I have set up the template to be printed double sided.  If you don't have that option, just print both pages and glue the examples in. 


Also in our math notebooks, we worked through some of my interpreting remainders task cards.  I didn't end up putting these in a center because I really wanted to hear their thinking about remainders.  We did several in Meet With Teacher and several as exit tickets (I just print them out for each student and they glue them to paper then turn them in).



Our unit ended like most do... with an assessment!  In the past, I have also used the Movie Marathon project as an assessment, but with standards-based grading, we need so much evidence.  Here is a free long division assessment (you can also use it as review or just as printable practice) that I created!



Happy teaching!  If you have any other long division activities or ideas, please feel free to share them!  It seems I can never get enough. 

Monday, January 18, 2016

The ULTIMATE List of Fraction Activities


Hi There!  I don't know about you, but we are knee deep in our study of fractions.  There is so much to learn and so little time to learn it all!  I have posted several times about different activities we have done, particularly around fraction operations, but this time the focus is ALL on fraction concepts!  There are so many basic concepts we have to cover: simplifying fractions, finding equivalent fractions, working with fractions on a number line, comparing fractions, improper fractions and mixed numbers, etc.  SO MUCH!  Below, you will find some of the best fraction activities, freebies, and resources from my classroom and from teachers around the country.  It's a long post, but it's worth it! :)   Happy planning!


As always, we have an anchor chart for our fraction unit.  Before you look at this and panic about the amount of information on it, this anchor chart is intended to be filled out over the course of several weeks as you teach each of the concepts.  I started with just the template and then filled in each box as they learned about it.  DO NOT make this entire anchor chart in one day! :)  It is a great reference chart to leave hanging in the room for the rest of the year without taking up too much wall real estate.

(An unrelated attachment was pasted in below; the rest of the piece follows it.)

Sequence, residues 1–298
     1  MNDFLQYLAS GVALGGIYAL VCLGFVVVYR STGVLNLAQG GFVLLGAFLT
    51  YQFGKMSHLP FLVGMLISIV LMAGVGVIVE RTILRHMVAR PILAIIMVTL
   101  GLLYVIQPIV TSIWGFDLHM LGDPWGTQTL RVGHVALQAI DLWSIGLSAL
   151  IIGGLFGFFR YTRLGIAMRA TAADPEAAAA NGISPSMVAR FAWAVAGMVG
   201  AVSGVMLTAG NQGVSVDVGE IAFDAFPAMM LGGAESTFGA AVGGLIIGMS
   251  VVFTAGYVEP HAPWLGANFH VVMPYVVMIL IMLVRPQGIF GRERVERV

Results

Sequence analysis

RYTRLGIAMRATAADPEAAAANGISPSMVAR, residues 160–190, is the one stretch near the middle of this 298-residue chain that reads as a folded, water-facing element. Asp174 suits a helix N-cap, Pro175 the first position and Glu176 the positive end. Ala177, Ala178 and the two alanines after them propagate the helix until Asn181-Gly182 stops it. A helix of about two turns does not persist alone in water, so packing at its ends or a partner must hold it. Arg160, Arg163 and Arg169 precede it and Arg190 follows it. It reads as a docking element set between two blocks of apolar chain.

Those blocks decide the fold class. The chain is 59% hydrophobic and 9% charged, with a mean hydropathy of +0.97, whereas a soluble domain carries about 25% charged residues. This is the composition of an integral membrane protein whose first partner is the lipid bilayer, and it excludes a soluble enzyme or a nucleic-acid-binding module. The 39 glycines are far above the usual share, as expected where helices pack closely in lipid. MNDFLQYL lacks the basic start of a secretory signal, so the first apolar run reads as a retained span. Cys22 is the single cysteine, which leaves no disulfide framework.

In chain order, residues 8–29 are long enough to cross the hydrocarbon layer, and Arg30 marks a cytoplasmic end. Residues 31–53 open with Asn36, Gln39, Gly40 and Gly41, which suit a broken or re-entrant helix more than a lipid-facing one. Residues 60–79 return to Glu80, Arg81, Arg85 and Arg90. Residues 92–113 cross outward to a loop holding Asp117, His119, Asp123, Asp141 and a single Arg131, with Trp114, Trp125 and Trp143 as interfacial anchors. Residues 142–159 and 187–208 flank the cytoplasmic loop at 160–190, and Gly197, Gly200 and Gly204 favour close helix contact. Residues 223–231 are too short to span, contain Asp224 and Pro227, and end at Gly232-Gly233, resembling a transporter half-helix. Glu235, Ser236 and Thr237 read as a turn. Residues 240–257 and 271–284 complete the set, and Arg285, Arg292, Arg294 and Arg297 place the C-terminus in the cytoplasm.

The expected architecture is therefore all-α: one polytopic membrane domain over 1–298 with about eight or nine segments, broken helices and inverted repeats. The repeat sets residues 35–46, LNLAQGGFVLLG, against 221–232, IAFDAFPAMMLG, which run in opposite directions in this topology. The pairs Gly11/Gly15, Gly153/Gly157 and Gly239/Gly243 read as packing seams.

Fractions Anchor Chart
 

I also created this foldie to go into my students' interactive notebook.  Again, we put notes in here as we went through the unit.  I absolutely love these notebooks so that they can easily access their notes and concepts when they need little reminders.  I don't know what I would do without interactive notebooks!


Our math block is split this year, with an hour before lunch, and twenty minutes after lunch.  During that last twenty minutes, we usually finish our last math rotation and complete an exit ticket.  I have created exit tickets for all of the concepts above.  You can also use them as proof or independent work in your notebooks!




Now, here is my favorite part of my fractions unit, simply because it is so nice and organized and once it's done, one section of my math workshop is DONE for the entire unit!  My Fractions Task Cards are, in my opinion, the perfect station for student practice.  I have it all organized and ready to go so that students can easily access the cards, recording sheets, and answer keys.  I can easily grab them to work with small groups, or in whole class if needed.